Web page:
Now you cast them all (second casting), rest 8 hours and one minute, get them back by 9 am or so on day 2 as it may be considered a new day, depending on how you define day. You haven't cast them within the last 8 hours and it is a new day, so this is OK.

Then cast them all again (third casting). That third casting happens within 18 hours or so of your first casting on day 1, so in a way, you can cast three sets of spells within one day, if you use a terminator (such as midnight, noon, sunrise, sunset, 3:15 a.m., or whatever) to define when this 'day' begins. You can get your spells back again after resting 8 more hours, but have to wait until midnight to get to day 3.

Of course, that's just one interpretation of 3e's rules. It can easily be interpreted that daily means only one set/day and day is defined as within the last 24-hour period. But there is a problem there, too. Since you can leave slots open and later fill them, you never really can pin down which 8-hour rest period is the one that really starts your day. I mean, you can have up to three 8-hour rest periods in one day, so which is it? To solve that glitch, you begin to have to look at each spell slot like it has its own clock, but I won't get into that here.

Alas, this is just semantics, and it's probably better to assume no spell slot can be filled until it lays fallow for at least 24 hours after it was last emptied. It is further assumed the wizard may not fill any slot unless well rested, and that takes at least the last 8 hours. Thus, you want to get a spell back; two things must be true. One, you have to have rested the last 8 hours. Two, the slot you are filling must have been empty for at least 24 hours, or a full slot may have its spell swapped out for a new one.

In any event, personal preference here is often far more important the book's guidelines. Again, I reject the notion of a strict 24 hour daily limit as there is really nothing magical or special about a 24 hour period, and would rather time, rest, and study decide how often one gets their spell complement back, just as we did in the good old days of 1e (with slight revisions, of course).

However, under 3e's standard assumptions . . .

Mages need to rest 8 hours (they can't even talk during this time, so this is nasty), but it can be any ol' 8 hour period for a mage (though clerics have extra constraints like morning or evening or midnight or noon, depending on the religion).

If interrupted (like if they talk at all, or worse, actually cast a spell or fight) they have to add an extra hour for each interruption.

And it's silly, too, for if mere talking is enough to tax your mind such that further rest is required, I would imagine preparing your first spell would be even more taxing than talking, thus making preparing further spells require yet another hour or rest before proceeding. Quite simply, their prohibition against talking is too much, IMHO. Anyway . . .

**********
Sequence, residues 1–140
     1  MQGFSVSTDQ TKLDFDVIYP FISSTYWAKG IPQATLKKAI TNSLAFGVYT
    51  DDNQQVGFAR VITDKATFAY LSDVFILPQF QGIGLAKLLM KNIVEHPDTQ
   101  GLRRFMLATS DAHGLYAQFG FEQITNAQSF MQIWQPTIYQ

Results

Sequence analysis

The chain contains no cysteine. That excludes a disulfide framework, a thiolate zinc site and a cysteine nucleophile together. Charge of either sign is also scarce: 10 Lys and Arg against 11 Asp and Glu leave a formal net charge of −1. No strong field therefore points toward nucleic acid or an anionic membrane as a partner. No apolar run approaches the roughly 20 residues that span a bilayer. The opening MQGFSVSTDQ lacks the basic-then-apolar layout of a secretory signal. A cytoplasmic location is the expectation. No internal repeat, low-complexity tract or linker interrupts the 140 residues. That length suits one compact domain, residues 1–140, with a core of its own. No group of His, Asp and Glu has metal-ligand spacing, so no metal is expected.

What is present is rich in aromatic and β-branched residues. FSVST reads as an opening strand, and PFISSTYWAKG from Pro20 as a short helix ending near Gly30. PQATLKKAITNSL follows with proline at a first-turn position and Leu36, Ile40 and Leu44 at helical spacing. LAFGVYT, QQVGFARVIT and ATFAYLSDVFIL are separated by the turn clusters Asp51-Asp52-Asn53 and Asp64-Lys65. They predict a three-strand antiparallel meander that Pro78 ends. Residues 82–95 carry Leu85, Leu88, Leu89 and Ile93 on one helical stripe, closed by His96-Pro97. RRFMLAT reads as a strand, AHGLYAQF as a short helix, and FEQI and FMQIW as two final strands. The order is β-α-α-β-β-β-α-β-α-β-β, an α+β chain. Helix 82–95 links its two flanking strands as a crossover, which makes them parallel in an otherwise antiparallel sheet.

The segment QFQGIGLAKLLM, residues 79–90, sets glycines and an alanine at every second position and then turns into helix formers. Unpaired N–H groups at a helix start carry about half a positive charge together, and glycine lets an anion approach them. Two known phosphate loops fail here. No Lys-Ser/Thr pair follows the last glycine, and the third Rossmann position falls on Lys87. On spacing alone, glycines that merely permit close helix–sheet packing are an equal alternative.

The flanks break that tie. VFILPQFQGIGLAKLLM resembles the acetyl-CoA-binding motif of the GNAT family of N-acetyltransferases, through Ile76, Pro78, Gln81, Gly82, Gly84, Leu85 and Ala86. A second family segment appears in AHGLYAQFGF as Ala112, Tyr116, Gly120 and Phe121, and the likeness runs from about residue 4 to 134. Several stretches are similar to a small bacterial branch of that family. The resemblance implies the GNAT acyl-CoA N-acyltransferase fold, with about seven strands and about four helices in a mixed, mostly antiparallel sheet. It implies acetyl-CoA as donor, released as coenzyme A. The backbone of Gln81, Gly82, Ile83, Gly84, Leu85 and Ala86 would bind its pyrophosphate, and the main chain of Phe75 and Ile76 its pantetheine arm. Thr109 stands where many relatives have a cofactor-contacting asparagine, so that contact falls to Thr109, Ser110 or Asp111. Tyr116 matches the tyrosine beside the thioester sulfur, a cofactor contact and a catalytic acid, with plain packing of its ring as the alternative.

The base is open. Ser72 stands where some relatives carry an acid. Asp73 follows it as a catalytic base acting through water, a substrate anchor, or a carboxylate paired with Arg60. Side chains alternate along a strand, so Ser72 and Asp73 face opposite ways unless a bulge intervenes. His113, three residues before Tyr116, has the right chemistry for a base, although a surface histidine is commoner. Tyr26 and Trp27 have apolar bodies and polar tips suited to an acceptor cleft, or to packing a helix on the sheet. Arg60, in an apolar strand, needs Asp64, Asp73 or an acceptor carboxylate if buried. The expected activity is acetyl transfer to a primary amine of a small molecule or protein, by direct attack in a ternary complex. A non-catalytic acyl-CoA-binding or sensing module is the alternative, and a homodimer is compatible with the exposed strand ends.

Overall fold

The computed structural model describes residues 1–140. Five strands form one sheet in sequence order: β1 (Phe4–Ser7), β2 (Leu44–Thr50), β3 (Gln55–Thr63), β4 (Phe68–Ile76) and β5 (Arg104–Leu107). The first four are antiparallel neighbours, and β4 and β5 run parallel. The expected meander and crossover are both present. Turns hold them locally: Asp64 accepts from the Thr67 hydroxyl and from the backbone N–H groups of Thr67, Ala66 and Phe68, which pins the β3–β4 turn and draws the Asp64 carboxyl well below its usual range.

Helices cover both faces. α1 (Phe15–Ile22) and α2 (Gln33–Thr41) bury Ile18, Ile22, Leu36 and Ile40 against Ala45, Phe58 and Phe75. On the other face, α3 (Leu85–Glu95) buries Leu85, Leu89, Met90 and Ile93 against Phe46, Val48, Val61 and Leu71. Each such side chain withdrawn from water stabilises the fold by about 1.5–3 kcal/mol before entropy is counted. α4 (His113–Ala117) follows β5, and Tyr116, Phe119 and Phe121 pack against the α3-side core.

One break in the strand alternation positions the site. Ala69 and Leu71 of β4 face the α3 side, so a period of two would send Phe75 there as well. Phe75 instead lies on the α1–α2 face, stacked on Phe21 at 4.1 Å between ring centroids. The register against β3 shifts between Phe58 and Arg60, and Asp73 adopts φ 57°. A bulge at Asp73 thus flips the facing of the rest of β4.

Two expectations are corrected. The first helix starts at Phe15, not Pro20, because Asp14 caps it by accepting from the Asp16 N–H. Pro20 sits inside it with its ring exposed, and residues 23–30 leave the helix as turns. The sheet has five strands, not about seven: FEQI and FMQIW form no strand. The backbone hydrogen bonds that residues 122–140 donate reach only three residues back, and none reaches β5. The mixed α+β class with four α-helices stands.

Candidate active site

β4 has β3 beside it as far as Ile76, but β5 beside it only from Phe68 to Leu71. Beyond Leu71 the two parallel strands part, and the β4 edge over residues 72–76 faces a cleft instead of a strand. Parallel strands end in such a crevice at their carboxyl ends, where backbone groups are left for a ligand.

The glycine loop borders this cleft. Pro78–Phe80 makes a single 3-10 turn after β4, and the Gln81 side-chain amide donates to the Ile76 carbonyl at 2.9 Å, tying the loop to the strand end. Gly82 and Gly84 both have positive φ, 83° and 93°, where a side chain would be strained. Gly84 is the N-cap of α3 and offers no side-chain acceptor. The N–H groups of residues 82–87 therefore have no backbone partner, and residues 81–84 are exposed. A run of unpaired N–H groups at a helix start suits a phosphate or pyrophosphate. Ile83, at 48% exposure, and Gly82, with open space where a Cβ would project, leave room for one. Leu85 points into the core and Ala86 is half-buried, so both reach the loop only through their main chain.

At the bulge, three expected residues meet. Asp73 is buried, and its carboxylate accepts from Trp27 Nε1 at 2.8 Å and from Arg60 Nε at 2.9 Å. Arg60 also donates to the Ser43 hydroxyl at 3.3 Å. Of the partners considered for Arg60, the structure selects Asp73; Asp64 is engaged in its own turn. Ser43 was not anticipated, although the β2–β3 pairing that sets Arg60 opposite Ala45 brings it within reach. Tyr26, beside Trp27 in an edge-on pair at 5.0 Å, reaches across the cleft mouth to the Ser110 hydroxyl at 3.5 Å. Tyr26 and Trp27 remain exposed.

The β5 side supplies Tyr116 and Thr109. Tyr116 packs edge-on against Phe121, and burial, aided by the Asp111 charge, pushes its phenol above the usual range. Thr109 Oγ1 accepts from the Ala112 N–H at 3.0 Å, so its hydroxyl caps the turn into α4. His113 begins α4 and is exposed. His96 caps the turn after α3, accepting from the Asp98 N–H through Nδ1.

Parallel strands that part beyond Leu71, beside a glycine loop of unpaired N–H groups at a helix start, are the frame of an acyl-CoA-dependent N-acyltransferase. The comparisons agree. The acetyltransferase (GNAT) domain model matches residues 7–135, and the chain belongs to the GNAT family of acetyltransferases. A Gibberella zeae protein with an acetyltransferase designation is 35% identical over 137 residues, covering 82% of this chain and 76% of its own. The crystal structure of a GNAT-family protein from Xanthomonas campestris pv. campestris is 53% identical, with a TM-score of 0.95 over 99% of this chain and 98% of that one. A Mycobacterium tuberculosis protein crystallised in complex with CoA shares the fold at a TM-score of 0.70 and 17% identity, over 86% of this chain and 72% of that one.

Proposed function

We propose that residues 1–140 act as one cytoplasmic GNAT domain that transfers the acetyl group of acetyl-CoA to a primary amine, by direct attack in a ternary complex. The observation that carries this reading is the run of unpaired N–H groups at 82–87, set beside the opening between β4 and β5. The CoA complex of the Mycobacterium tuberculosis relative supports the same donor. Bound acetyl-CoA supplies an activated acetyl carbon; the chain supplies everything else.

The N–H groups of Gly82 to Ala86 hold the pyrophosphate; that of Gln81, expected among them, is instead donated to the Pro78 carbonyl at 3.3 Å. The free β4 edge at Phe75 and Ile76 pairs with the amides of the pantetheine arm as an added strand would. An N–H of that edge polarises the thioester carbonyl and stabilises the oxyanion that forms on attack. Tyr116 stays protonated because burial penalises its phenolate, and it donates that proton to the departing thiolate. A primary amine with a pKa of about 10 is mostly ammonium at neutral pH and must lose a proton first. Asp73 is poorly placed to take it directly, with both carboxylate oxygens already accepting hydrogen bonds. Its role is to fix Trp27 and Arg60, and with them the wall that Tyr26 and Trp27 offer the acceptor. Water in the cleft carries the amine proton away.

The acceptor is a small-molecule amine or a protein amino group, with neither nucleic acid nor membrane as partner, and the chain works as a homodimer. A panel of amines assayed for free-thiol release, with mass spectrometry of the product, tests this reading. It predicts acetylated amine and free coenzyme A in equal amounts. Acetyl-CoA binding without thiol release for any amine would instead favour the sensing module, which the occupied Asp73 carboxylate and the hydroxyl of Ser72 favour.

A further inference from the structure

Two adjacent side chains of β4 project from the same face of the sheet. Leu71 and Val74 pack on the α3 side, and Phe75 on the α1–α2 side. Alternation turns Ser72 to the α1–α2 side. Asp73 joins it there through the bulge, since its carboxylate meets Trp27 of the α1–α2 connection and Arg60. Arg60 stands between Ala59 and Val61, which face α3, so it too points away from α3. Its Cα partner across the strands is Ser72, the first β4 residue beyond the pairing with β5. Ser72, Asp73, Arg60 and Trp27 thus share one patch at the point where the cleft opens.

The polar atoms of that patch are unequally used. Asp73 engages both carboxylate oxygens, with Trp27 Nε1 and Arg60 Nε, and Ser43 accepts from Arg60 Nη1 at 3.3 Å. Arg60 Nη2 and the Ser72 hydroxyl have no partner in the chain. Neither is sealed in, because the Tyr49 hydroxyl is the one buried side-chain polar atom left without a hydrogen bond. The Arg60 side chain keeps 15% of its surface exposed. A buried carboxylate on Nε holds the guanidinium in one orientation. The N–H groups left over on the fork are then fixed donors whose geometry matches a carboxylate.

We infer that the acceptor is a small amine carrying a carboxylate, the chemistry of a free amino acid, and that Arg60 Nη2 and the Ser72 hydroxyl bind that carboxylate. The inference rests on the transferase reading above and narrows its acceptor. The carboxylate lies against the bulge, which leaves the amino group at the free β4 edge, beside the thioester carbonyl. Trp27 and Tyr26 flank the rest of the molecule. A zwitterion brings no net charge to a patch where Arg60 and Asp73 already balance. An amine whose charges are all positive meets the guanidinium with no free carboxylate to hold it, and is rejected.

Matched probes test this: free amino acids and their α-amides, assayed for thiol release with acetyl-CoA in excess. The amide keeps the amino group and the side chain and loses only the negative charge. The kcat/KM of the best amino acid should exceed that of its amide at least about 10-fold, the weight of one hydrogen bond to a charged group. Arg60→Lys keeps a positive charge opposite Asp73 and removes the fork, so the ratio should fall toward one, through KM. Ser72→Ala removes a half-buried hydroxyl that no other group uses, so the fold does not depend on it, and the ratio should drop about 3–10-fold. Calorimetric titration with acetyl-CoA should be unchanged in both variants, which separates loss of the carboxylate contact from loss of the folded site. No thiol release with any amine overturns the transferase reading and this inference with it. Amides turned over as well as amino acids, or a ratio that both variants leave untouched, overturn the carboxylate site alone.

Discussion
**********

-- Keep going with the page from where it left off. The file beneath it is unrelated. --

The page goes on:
Now, if you have N spell levels but only wish to prepare M spell levels, this will take you M/N hours (that is a fraction of one hour equal to the fraction of spell levels compared to how many you have when fully prepared). However, it will take at least 15 minutes. So if you need to ready half your compliment, this will take one half an hour. 3/4's, 45 minutes.

I seriously dislike this notion. It implies as you go up in levels you can prepare each and every spell (no exceptions) proportionally faster. There is no realistic reason to believe spells and experience levels are tied in such a way that this would hold true as a universal law. Also, I tend to think the universe itself might have further limiting factors on how quickly energy may flow. This is, naturally enough, a personal preference, but without doing this, it makes high level mages stronger in other ways apart from just having higher level spells and more of them. They learn them faster, too. I don't see the need for this and feel 3e is just doing this for bookkeeping ease. Thus, it seems unnatural to me.

Naturally, you may play by the standard rules, but I'd probably still make a mage spend 5-minutes/spell level or something like that.

Finally, 3rd edition D&D no longer likes the term 'memorization,' but prefers the term 'preparation.' There is NO functional difference between how I did this before and how they do it now; only the terminology has changed. Of course, others may have played it or thought of it differently than I and there may be a functional difference between the two, but as far as I can see, there is none for me. The 3rd edition terminology, however, may be superior in that it is more intuitive and better describes what is really happening.

For example, the term 'memorization' before implied you were learning something by memory when, in fact, you were really just imprinting the mystical energies required to start the spell upon your brain. When you released this energy, the spell would begin to manifest itself. This implied you 'forgot' the spell when, in fact, you didn't forget it so much as you used it. So the new terminology is better since your are preparing spells and using them, just as you always have been doing in my worlds, but you may have been doing something else in another DM's world.

Happy Gaming ;-)

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© June of 2000
James L.R. Beach
Waterville, MN 56096